Category: Grains and Legumes

Husband’s Choice: Pulao with Turkey

turkeypulao5This week I experimented with two brand new recipe ideas for dinner. The first was a desperate act to use up the last of the turkey from Easter dinner (I am now referring to this dish as Turkey 4.0 as it was the fourth turkey dish in as many days) and the other was an attempt to get as far away from turkey as possible. Funnily enough, both dishes are Indian in flavour. Go figure.

Husband really loved the Indian pulao (basically a South Asian rice pilaf) to which I added diced leftover turkey (not authentic… don’t judge) and heaped into portobello mushroom caps and baked. My favourite was Indian spiced cauliflower and potatoes (which I will share with you shortly).

I know I just said that Indian pulao is basically Indian rice pilaf, but instead of plain rice I used a mixture of 11 different rices/grains/lentils that I buy at my local grocery store (T&T for anyone who is interested). It’s very healthy and tasty. I like to undercook it slightly so the grains keep some of their nice chewy texture. Your cooking time and amount of liquid may vary depending on what rice or grain you are using. My grains took about 30 minutes and I had to add another 1/2 cup of water. If you are using basmati rice, it should take less than 15 minutes to cook with no extra liquid.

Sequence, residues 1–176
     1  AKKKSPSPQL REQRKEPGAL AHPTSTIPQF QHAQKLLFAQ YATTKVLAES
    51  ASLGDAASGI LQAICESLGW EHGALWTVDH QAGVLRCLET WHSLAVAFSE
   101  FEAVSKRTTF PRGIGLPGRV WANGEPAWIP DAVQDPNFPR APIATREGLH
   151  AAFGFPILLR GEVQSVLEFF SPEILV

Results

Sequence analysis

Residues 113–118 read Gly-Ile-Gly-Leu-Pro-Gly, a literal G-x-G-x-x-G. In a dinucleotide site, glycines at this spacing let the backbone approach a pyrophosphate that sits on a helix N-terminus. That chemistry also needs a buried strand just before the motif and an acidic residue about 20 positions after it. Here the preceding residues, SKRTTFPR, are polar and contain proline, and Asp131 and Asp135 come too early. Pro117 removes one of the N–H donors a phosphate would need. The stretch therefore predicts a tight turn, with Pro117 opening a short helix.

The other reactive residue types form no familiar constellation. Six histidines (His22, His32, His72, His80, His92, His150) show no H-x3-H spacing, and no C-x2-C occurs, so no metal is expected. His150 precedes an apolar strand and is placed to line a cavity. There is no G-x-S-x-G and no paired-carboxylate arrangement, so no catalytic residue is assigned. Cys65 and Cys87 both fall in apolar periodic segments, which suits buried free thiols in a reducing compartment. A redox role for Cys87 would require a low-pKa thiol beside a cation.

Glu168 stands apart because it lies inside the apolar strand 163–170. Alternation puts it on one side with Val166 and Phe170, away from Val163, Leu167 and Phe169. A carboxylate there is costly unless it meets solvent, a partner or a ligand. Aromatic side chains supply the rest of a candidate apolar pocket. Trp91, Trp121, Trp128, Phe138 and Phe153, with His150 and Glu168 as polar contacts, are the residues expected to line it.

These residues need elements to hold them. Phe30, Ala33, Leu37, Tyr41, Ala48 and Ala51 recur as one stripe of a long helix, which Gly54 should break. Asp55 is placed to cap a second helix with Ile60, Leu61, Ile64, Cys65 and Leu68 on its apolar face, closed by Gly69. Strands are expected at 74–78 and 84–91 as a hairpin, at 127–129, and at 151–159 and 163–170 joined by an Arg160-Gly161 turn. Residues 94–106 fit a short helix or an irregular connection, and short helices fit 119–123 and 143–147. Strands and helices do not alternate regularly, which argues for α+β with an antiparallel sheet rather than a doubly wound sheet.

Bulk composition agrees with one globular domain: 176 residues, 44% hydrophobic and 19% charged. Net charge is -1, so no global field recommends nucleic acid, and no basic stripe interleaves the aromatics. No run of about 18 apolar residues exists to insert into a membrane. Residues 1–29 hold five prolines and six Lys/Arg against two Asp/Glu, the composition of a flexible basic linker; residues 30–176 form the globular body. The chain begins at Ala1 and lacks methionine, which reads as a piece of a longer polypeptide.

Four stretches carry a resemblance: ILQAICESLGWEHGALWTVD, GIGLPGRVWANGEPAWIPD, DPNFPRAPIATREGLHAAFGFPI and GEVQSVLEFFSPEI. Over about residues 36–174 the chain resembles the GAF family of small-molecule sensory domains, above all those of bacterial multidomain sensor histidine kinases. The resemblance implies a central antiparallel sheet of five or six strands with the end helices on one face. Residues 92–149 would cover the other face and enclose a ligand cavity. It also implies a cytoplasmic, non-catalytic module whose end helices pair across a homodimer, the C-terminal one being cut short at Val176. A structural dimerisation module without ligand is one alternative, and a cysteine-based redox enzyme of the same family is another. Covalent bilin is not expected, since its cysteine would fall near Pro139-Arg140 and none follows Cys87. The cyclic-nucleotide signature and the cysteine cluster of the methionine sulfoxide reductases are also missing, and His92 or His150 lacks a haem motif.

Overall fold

You can easily make this recipe vegetarian by leaving out the turkey of course. If you still want to make a full meal of it, bake it in portobello mushroom caps like I did, or just serve it as a tasty side dish. I love recipes that are adaptable, don’t you?

2 cups of rice (basmati, wild, or a mix of grains, rice, and lentils), rinsed
1 tsp cumin seeds
1 TBS butter
3 TBS chopped almonds
3 TBS golden raisins
glug of oil (vegetable or peanut)
1 large onion, halved and finely sliced
1 cinnamon stick
5 green cardamom pods
1 tsp sugar
1/4 tsp turmeric
1 TBS finely chopped fresh ginger
1 tsp salt
1/2 cup water to deglaze
1/2 cup coconut milk (optional, replace with water if not using)
2 cups of water
1 cup diced turkey or chicken (optional)
1/4 cup frozen peas, thawed
portobello mushroom caps, stem and gills removed (brushed with a mixture of oil and balsamic or soy sauce, optional)

Place a heavy-bottomed frying pan over medium heat and toast cumin seeds until fragrant (about a minute). Remove to side dish.
Add butter to same frying pan and fry almonds and raisins until starting to brown. Remove to separate side dish.